Guild Wars: Eye of the North

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Guild Wars: Eye of the North
Gwen-boxfront.jpg
Developer(s) ArenaNet
Publisher(s) NCsoft
Series Guild Wars
Engine Guild Wars engine
Platform(s) Microsoft Windows
Release date(s) NA August 28, 2007 (Retail)

EU 20070831August 31, 2007
NA October 8, 2010 (Steam)

Genre(s) Action RPG
Mode(s) Multiplayer

Guild Wars: Eye of the North (also known as GW:EN and EotN) is an expansion pack to the Action RPG Guild Wars made by the Seattle-based ArenaNet studio, a subsidiary of NCsoft.[1][2] It was released worldwide on August 31, 2007.[3] Unlike other games in the Guild Wars sequence, Eye of the North requires players to own one of the earlier three campaigns. It features no tutorial content and is intended for characters that have reached level 10 or higher.

Eye of the North does not feature new professions, but has 18 new "multilevel" dungeons, 150 new skills (50 of them restricted to PvE), 40 new armor sets, and 10 new heroes, in addition to the new items, weapons, and titles added as usual in every Guild Wars campaign. It is in part intended to act as a bridge from Guild Wars to Guild Wars 2 and introduces the new races of the Norn (dwellers on the icy slopes of the Shiverpeak Mountains to the north) and Asura (inhabitants of the southern part of the Maguuma Jungle), both of which would later become playable in the sequel.

Eye of the North continues the Prophecies story, which is told in three acts. In Act I, a great earthquake tears across the three continents of Tyria, Cantha and Elona, revealing entrances to a network of underground tunnels. From there, players enter into the homelands of the Charr (from the Prophecies story) to the north, the Asura to the west, and the Norn at the far end of the Shiverpeaks. The story culminates with a battle against the Great Destroyer, the chief antagonist of the dwarven pantheon.

Gameplay[edit]

Dungeons[edit]

A large percentage of the Eye of the North story takes place in the "dungeons" that delve deep underground. Each dungeon has one to five levels, and completing some levels requires the players to acquire keys, use switches or levers, defeat bosses or interact with NPCs. The final level of the dungeon has a boss that must be defeated to clear the dungeon. Defeating the dungeon boss will cause a chest to appear, yielding loot for each party member.

Dungeons interact with the game's various maps like all underground areas: The Mission Map above ground displays an overhead map of the entire region, with unexplored regions blurred out but still visible. In dungeons, the entire mission map is black until the player explores a region. In addition, the mission map resets to unexplored when the player leaves the explorable zone. Similarly, the world map does not change to reflect which portions of the dungeon have been explored, and does not reflect the precise position of the player. Rather, the player is shown roughly in the center of the region on the map where the dungeon is situated.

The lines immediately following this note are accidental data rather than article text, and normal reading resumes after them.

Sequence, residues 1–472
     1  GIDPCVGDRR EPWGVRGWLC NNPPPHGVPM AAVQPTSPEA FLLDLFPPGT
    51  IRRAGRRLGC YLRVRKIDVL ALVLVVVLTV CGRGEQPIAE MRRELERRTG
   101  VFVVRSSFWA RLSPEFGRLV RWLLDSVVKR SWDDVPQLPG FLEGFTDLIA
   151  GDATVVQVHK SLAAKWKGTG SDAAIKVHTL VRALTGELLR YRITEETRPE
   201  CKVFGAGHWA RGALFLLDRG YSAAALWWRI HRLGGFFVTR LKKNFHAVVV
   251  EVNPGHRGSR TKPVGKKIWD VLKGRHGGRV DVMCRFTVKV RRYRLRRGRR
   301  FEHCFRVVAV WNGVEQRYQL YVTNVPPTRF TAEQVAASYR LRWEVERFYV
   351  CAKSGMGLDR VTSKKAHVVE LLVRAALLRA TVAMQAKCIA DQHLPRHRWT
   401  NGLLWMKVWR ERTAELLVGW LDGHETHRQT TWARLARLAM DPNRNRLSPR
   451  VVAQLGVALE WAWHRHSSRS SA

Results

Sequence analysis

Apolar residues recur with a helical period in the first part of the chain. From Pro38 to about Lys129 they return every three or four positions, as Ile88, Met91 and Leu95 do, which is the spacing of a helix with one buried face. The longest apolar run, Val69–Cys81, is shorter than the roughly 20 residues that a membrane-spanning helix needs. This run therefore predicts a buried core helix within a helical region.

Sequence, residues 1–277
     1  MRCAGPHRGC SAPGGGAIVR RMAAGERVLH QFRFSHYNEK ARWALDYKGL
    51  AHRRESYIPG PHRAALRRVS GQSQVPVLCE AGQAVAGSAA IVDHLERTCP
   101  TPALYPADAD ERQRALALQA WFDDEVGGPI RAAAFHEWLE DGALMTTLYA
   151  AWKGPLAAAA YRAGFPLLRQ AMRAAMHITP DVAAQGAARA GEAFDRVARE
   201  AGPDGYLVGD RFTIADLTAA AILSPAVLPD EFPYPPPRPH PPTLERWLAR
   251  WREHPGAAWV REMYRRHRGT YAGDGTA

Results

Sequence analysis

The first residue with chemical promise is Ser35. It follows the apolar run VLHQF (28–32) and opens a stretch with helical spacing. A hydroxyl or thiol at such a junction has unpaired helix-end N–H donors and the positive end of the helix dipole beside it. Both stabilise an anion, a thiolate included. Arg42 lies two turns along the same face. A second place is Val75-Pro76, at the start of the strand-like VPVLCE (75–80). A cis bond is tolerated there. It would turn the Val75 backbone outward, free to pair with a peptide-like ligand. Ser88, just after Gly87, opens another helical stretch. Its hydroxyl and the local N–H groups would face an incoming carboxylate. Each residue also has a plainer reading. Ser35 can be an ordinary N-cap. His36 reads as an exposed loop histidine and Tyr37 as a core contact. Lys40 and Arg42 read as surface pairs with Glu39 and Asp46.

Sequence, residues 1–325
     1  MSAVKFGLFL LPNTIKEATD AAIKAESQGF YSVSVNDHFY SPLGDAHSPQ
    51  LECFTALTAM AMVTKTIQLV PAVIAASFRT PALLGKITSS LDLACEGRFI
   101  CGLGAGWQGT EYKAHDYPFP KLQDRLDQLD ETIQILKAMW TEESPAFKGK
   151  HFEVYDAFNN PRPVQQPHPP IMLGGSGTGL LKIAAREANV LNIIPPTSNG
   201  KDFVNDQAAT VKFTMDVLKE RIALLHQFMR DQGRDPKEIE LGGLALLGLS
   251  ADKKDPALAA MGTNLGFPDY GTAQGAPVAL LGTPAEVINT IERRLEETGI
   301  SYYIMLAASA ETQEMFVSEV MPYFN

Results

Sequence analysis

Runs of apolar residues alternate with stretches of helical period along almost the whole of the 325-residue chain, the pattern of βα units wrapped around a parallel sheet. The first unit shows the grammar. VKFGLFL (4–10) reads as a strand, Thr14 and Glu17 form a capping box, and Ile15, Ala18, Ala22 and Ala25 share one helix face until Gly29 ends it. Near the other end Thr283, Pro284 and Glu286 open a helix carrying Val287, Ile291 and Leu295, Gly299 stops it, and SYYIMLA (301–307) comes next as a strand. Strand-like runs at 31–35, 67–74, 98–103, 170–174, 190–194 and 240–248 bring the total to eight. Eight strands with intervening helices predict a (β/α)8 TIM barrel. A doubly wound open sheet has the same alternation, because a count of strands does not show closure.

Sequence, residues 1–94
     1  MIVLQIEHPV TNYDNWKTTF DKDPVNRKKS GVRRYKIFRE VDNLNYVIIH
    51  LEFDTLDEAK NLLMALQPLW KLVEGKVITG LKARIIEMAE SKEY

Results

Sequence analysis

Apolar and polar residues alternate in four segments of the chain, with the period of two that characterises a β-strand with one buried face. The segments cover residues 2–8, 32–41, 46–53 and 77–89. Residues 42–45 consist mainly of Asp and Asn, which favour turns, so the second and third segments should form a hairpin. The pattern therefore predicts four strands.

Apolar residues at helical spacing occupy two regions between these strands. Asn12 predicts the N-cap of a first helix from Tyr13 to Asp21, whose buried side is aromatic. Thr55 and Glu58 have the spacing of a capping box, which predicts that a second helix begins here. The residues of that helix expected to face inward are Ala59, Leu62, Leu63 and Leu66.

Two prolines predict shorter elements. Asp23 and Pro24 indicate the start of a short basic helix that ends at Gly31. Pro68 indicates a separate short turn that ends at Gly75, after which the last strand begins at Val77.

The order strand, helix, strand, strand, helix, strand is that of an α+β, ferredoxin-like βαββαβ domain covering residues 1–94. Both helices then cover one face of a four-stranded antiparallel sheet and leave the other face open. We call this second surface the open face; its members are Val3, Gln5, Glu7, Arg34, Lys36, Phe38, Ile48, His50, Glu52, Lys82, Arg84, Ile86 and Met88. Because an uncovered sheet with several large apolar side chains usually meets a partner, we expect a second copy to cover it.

Earlier Guild Wars campaigns featured a small number of dungeons, such as Sorrow's Furnace in Guild Wars Prophecies or The Deep and Urgoz's Warren in Guild Wars Factions. They play a much more important part in the game play of Eye of the North, with a few gameplay alterations being made to accommodate dungeon exploration. Most Eye of the North dungeon levels have an area map located somewhere near the entrance. This map does not expose the layout of the level, but does place indicators on the mission map where key items (keys, bosses, collectors, etc.) are located. In addition, reaching certain areas of the dungeon, particularly the final boss, will place a marker on the overhead map, indicating where that location is.

Dungeon levels also frequently include locked doors which require a specific key to unlock. Unlike most key-like items in earlier Guild Wars dungeons (such as gears in Sorrow's Furnace), these keys are not carried by the player. They simply appear on-screen once the player acquires it, meaning the player is not hampered by the loss of their weapon and off-hand item benefits.

Eye of the North focuses more heavily on PvE accomplishments, such as titles. One of the new features is an item which acts as similar to a quest log, recording specific feats the player accomplishes in game play. Upon defeating the final boss of the dungeon, a new "page" in the quest log is filled in. Completed log books can later be turned in to one of the allied factions in the game (Norn, Asura, Ebon Vanguard, or Dwarves) for a large experience and reputation bonus.

Minigames[edit]

Eye of the North introduces a number of "minigames" to the Guild Wars world. Each major faction has their own minigame which can be used to earn reputation points for that faction. The full list of these games is as follows: